If too little or too much involvement of owners can sink a middle-aged family business, what constitutes "just-right" involvement? And how do you achieve it?
First, foster a positive feeling about the business when your kids are young. While Tom Zadek's five children are still young, he is making a conscious effort to share the positive aspects of, and keep them involved in, the family's 80-year-old Fitchburg, Massachusetts, business, Nursery Needs Inc. Their involvement so far has been all fun: They model for catalogs and promotion materials for the company, which designs and manufactures infant and preschool grooming and teaching aids. Even if they don't wind up working for the company, Zadek wants his children to understand how important it is to the family.
As family members get older, they need to learn what it means to be an owner. That includes discussing the family's business philosophy. Does the business come first? Does the family comes first? Or is the family committed to a balance, taking actions and making decisions that are good for both?
Mitchel & Scott Machine Co. Inc. in Indianapolis is working on getting just-right involvement of its family business owners. The 64-year-old precision machine-parts manufacturer recently formed a family council. "We're doing what needs to be done to leave a solid business to future generations," says Tom Mitchel, the company's president. Tom, his brothers Dave and Steve, and all three of their families are trying to determine how to be effective owners even if some members are three states away, what they should look for in the next leader (who may or may not be a family member), and how to improve communication.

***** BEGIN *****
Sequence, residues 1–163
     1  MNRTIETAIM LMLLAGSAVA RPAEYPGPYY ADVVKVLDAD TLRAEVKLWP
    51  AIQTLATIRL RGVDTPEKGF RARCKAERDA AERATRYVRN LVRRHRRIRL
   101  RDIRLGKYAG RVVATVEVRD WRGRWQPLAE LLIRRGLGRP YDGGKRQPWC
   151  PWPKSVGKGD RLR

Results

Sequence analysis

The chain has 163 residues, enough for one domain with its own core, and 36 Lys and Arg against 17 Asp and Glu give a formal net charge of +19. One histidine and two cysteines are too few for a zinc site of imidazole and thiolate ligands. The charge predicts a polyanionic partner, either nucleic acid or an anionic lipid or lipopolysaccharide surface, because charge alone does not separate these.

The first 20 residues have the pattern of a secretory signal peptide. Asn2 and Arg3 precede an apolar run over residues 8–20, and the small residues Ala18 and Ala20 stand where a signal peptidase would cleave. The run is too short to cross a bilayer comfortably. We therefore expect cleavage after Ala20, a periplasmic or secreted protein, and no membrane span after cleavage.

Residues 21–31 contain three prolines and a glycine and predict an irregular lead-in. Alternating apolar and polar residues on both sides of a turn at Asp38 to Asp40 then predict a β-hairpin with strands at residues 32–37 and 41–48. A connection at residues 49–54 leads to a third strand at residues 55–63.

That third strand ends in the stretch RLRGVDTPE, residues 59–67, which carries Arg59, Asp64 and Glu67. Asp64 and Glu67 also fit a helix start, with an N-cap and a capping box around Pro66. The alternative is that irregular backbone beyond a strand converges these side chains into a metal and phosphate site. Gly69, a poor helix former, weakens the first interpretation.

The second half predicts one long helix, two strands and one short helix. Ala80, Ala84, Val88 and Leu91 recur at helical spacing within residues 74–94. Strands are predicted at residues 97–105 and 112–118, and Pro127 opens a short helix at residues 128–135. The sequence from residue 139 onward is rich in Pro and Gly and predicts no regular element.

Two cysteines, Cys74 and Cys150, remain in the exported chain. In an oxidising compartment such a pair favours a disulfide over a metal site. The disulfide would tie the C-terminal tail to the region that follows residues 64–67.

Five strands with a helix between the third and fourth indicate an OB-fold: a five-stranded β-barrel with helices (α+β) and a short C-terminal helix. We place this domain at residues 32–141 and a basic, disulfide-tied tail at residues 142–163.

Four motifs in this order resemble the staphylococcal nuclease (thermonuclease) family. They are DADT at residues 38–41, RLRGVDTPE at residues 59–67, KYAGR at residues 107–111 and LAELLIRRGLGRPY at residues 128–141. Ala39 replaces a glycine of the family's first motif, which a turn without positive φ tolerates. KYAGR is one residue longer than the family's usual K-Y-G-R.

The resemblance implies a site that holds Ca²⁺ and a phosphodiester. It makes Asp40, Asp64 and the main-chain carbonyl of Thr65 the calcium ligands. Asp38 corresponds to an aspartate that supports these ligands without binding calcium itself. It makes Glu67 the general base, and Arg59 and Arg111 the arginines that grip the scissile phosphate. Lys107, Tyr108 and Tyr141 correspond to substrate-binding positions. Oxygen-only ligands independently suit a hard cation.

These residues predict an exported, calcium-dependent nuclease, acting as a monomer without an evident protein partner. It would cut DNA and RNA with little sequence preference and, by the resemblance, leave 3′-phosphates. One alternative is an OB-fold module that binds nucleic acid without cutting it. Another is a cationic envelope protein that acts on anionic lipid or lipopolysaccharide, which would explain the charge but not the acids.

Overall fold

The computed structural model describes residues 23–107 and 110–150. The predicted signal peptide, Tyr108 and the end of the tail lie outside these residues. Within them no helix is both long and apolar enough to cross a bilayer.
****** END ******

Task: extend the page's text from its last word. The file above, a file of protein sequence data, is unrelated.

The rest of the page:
Family councils provide a wonderful vehicle and a safe setting for discussing a range of issues: how future generations should enter the business, how to integrate the family's mission with a changing business environment, how nonactive members can participate in a meaningful way, how family members can redeem their stock if they're no longer interested in being shareholders, how to maximize the family's role in philanthropy or the community, and so on.
Will there be dissension amidst the discussion? You bet. The expanded number of owners makes that almost a given. Still, the friction is not always bad. "It helps resolve some of the distance," says Messervey. Because the owners are often forced to examine how their unresolved family conflicts are being played out in a business setting, it's hard for one member of the family to lead the discussion (unless he or she is a skilled facilitator with few allegiances). That's one of the reasons Mitchel & Scott has an outside family business consultant come in to facilitate their family council meetings.
The little victories associated with working together as owners are important, says Messervey, because they build a family's confidence. To move through midlife crisis into the mature years, owners need to feel that no matter what challenges they face as a business in the future, they can work them out.